With more doctors nearing retirement and newer doctors increasingly choosing nonclinical careers, many medical practices are looking to non-physician providers (NPPs) to fill the gaps. But there’s another reason to consider hiring “physician extenders” like nurse practitioners and physician assistants: evidence shows they can make a significant difference in improving your patients’ experience—and reduce costs. Here’s how.

The growth of non-physician providers

Over the past 15 years, the number of NPPs has grown substantially, as practices realize that adding these providers to their staff increases both revenue and patient satisfaction, according to a 2014 MGMA report.

The number of NPPs has grown as practices realize these providers increase access to care, patient satisfaction, and revenue.

Both PricewaterhouseCoopers (PwC) and ECRI Institute cited physician extenders as one of the top health care industry trends for 2015, reported Healthcare Finance News. “Looking back 10 or 15 years ago, probably less than a quarter of providers were using extenders broadly. Today you would be hard pressed to find a large hospital staff that is not using extenders in some shape or form,” said Kulleni Gebreyes, director of health services at PwC.

Not only do NPPs reduce the burden on physicians, they also increase access to care and provide patients with affordable care alternatives.

How NPPs help optimize care, cut costs

A new report by PwC’s Health Research Institute (HRI) found that “most primary care teams are not designed to optimize care—or meet consumer demands for convenience and value,” according to an article in Managed Healthcare Executive.

This is partly because the demand for primary care physicians is tough to estimate and often overstated, the article said. The Association of American Medical Colleges estimates the U.S. needs nine primary care physicians for every 10,000 people. However, advanced primary care models estimate the need at much less, according to the PwC report.

Another thing the report revealed was that primary care physicians are spending too much time on administrative work and not enough time “practicing at the top of their license.”

PwC report finds physicians spend too much time on admin, too little time practicing at the top of their license—a costly trend that NPPs can improve.

That’s where NPPs come in. If there are too few doctors or doctors are spending too much time on nonclinical tasks, patients suffer because there are not enough providers to see them all in a timely manner.

“NPPs are essential members of our health care delivery team,” Michael Brohawn, MGMA member and practice administrator at Orthopaedics East & Sports Medicine Center, told PatientEngagementHIT.com. “They improve patient care by increasing the efficiency of our physicians which allows them to focus on more acute needs. NPPs also improve patient satisfaction by creating greater access and appointment availability, and they reduce the direct and overhead costs of the practice.”

The cost difference in who is handling a given task can be substantial, PwC’s Kulleni Gebreyes pointed out in Healthcare Finance News. “If you think about health care; labor costs are anywhere between 50 to sometimes 70 percent of your costs. So when you look at extenders, here is a way to provide service at a lower cost per labor.”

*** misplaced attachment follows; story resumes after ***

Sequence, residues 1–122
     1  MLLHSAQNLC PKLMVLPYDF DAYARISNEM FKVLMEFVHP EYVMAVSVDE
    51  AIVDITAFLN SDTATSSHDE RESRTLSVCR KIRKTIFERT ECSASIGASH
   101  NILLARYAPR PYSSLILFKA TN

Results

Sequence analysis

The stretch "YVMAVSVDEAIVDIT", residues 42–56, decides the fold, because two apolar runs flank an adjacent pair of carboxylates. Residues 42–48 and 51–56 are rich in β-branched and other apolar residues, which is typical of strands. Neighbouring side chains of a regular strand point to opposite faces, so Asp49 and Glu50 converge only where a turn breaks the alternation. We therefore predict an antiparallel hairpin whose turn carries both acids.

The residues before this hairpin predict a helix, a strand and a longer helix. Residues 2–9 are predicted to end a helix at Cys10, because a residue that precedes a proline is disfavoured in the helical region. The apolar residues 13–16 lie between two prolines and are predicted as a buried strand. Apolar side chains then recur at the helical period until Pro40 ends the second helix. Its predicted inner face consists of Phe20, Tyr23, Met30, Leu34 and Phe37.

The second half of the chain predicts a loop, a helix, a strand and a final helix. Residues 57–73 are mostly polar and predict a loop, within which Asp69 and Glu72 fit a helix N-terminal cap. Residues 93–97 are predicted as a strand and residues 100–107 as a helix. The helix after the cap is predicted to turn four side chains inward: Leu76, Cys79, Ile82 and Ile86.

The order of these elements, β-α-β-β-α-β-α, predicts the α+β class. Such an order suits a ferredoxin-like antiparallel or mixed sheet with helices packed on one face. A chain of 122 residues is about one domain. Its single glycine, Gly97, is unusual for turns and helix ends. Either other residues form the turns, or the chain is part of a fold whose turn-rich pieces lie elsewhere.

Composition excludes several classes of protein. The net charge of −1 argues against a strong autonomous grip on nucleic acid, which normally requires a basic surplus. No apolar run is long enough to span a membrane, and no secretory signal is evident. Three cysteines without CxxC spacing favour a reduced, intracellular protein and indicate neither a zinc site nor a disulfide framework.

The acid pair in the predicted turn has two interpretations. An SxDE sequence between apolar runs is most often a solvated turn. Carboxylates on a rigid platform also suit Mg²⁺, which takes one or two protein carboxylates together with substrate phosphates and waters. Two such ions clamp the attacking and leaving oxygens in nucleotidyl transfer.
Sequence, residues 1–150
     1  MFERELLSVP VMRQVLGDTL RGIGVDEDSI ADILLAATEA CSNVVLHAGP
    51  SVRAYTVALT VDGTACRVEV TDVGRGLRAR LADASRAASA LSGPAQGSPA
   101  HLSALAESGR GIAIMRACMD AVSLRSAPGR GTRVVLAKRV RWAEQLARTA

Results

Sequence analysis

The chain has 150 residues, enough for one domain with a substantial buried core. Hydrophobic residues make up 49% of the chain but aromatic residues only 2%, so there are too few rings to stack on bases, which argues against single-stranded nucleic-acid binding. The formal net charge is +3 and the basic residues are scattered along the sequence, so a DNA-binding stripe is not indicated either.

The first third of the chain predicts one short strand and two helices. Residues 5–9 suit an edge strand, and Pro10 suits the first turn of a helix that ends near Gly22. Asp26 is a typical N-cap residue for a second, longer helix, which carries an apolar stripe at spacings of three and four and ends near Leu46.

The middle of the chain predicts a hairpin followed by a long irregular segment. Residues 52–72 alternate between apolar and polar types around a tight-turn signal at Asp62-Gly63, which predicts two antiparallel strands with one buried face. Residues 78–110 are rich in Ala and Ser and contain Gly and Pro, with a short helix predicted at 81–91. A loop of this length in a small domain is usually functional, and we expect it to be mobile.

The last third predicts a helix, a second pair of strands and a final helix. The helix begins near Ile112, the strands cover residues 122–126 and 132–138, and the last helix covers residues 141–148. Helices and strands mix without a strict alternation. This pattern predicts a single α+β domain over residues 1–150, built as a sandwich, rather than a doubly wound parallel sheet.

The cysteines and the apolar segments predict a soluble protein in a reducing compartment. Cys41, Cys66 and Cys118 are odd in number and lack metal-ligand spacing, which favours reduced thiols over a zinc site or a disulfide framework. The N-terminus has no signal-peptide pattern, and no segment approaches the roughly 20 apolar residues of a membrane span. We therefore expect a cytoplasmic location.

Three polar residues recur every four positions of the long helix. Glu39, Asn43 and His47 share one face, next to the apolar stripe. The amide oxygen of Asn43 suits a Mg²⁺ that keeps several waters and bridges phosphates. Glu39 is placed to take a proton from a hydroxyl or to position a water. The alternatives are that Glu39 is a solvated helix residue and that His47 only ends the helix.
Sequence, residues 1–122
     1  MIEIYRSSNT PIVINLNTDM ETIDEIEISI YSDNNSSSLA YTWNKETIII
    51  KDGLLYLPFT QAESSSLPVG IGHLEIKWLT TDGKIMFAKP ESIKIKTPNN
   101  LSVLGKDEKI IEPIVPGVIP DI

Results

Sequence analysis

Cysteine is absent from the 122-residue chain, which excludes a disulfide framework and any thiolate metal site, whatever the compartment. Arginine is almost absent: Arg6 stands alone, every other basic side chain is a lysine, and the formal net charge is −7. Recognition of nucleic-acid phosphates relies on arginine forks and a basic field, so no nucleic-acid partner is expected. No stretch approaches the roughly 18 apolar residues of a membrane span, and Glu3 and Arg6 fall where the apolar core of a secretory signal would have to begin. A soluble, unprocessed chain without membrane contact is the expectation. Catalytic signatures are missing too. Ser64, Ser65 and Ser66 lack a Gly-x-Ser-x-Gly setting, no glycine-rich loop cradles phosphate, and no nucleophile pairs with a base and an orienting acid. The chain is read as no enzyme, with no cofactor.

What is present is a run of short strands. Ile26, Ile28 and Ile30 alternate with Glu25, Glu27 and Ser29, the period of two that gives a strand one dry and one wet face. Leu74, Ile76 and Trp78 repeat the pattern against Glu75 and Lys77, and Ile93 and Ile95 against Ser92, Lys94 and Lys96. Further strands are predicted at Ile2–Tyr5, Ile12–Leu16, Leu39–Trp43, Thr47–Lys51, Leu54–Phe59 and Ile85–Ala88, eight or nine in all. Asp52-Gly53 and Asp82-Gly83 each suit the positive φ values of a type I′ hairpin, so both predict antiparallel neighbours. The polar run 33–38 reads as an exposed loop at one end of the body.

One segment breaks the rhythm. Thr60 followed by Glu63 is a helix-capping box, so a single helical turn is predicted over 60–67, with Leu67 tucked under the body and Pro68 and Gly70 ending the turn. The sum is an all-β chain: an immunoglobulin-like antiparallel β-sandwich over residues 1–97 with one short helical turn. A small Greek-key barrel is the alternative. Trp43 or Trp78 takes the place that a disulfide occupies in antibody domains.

What to know before you hire

Before your practice hires a physician extender, however, it’s important to do your research. Every state has different laws governing the NPP’s scope of practice. “As an example, APNs [advanced practice nurses] in 17 states can diagnose and treat patients without physician supervision, whereas physician assistants work under the supervision of physicians in all settings,” Laura Palmer, PACMPE, Senior Industry Analyst at MGMA, told EHRintelligence.com.

NPPs can provide up to 80 percent of services in primary care practices with patient satisfaction equal to or better than a physician, and at lower cost.

While MGMA reports that NPPs can provide up to 80 percent or more of services in primary care practices with patient satisfaction equal to or better than a physician, and at lower cost, “MGMA suggests that providers adapt physician supervision to the NPP’s level of training, complexity of tasks, and the nature of the practice,” added EHRintelligence.com.

Medical practices also need to realize that there’s heavy competition for these in-demand providers. Employment opportunities for NPPs include urgent care centers, telemedicine providers, and the rapidly growing number of retail clinics, which are predicted to double in 2017, according to data from Accenture. These clinics, which cater to walk-in patients with non-emergent conditions, are almost exclusively staffed by NPPs.

“Retail health clinics are turning into a boon for physician assistants [and nurse practitioners] who prefer to work in primary care but do not necessarily want to be involved with a private practice or hospital setting,” reported EHRintelligence.com. “At this point, there is so much work available they really have quite a few choices when searching for employment.”

It’s worth considering whether adding non-physician providers would benefit your practice. For more articles on hiring, retaining, and motivating staff, check out the Practice Management section of our blog.

 

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